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Melania Trump’s sketchy immigration history, explained

If a new Associated Press report is right, Melania Trump herself was once an “illegal” immigrant.

Melania Knauss (now Trump), posing. Gregory Pace/FilmMagic

Would President Donald Trump have deported his own wife?

The Associated Press has found documentation showing that Melania Trump broke immigration law when she first came to the US in 1996 — by entering the country on a tourist visa and then working as a professional model.

It’s an ironic twist for a presidential campaign that’s marked itself by casting aspersions on immigrants in general, and “illegal” immigrants in particular, for the past 17 months.

The AP’s revelations probably won’t sway Donald Trump’s supporters in the waning days of the campaign. And while technically under immigration law Melania’s citizenship could be revoked if the government found she’d committed visa fraud to come here, it’s extremely unlikely that that’s going to happen.

Immigration policy is extremely complicated; the line between “legal” and “illegal” isn’t always visible. Melania appears to have entered the US legally and then worked illegally. If anything, that should give pause to anyone who believes her husband and other politicians who claim that unauthorized immigration can be remedied by building a wall at the border, or fixed easily at all.

Melania Trump’s immigration history, explained

Melania Trump came to the US in the mid-1990s to work as a model. But the specifics of her arrival, and the specific immigration status she had before getting a green card in 2001, were always unclear — and have provoked a great deal of speculation about whether she was really a “legal immigrant” for the entire time she lived in the US.

The AP’s reporting doesn’t answer all the questions that have been raised about Melania’s immigration status, including how she got her green card in 2001. But it does establish a clear timeline for how she came to the US to begin with. (Lawyers affiliated with the Trumps dispute the AP article, saying its documents don’t “reflect our records” — but the Trumps have never released any documents related to Melania’s status themselves.)

According to the AP, Melania Knauss (her maiden name) first came to the US in August 1996 on a B1/B2 “tourist visa.” Tourist visas allow someone to stay in the US for six months, but they can’t seek employment in the US during that time.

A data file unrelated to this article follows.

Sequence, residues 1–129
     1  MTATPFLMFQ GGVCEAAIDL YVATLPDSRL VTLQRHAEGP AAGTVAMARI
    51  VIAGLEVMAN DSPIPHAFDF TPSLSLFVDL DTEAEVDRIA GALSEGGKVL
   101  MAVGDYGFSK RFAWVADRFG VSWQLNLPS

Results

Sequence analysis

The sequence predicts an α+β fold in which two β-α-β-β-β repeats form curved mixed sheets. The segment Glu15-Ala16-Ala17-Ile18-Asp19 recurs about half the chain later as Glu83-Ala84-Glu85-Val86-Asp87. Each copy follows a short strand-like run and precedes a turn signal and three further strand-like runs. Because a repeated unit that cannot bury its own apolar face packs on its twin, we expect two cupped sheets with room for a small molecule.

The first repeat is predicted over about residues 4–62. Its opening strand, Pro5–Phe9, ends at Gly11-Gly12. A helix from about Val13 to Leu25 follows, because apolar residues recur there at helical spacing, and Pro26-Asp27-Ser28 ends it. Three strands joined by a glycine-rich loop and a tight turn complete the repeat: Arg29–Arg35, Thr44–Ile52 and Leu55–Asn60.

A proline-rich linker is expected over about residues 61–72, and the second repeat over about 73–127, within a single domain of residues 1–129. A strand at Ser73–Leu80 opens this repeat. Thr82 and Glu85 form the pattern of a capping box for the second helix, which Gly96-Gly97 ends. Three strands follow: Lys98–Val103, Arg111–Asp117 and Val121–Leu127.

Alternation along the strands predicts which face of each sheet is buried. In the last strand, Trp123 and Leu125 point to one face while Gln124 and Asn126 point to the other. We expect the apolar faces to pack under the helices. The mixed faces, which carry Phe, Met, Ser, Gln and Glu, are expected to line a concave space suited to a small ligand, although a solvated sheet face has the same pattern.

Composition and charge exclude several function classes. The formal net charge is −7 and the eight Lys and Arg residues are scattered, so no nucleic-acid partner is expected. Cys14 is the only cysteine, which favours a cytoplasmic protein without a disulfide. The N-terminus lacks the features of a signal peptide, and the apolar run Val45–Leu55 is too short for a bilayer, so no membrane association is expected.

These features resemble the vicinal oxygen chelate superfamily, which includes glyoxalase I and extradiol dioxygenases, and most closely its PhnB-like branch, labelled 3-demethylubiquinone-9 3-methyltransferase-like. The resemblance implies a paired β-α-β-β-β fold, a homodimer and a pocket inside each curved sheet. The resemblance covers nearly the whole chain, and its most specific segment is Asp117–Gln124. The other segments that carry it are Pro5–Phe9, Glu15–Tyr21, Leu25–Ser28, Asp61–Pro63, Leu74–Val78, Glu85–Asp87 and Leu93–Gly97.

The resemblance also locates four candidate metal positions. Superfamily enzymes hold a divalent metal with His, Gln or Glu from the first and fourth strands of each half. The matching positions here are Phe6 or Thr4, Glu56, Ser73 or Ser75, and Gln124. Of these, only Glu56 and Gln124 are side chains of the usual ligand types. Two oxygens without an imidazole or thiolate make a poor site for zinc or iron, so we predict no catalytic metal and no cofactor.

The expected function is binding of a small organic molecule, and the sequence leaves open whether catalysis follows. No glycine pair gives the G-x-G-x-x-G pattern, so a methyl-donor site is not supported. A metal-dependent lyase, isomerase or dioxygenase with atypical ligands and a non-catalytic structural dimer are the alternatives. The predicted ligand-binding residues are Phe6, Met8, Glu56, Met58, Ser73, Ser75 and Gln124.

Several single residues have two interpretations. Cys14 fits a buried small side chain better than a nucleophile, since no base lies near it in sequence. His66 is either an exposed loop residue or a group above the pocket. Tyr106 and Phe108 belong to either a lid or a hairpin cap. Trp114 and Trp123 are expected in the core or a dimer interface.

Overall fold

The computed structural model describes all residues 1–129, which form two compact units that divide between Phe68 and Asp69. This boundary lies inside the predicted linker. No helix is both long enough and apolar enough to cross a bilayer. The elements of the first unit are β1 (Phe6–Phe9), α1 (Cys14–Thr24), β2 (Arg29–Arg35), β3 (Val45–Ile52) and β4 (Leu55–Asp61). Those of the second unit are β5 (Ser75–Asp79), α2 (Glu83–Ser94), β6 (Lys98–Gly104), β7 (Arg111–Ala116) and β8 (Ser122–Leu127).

Then on October 18, 1996, the AP found, she got an H-1B visa for “skilled workers” allowing her to work legally in the US as a model.

The problem is that the AP’s documentation shows that Melania was “paid for 10 modeling assignments between September 10 and October 15” — while she was still on the tourist visa. In other words, she was working on a visa that didn’t legally permit her to work — and thus was violating the terms by which she’d been allowed to come to the US.

Melania could have committed visa fraud — or she could have been duped by unscrupulous employers

To be clear: Melania Knauss didn’t enter the US illegally. But she did, if the AP’s reporting is correct, violate immigration law.

Technically, she violated her tourist visa the minute she engaged in employment for pay in the US. But it’s possible that she didn’t know that.

B-visas are often issued to “temporary business visitors” — who are here for “business activities” but not allowed to work. It’s for people who are going to professional conferences, for example, or networking with associates — or even negotiating a contract for future employment. The US Citizenship and Immigration Services website explains that activities under a business visitor visa “must be directly connected with and part of your work abroad.”

Legally, working for pay for a US company is a clear violation of the terms of that visa, but it’s not exactly intuitive that someone coming on a business visa, especially if she’d been working as a model in Europe, wouldn’t be allowed to work.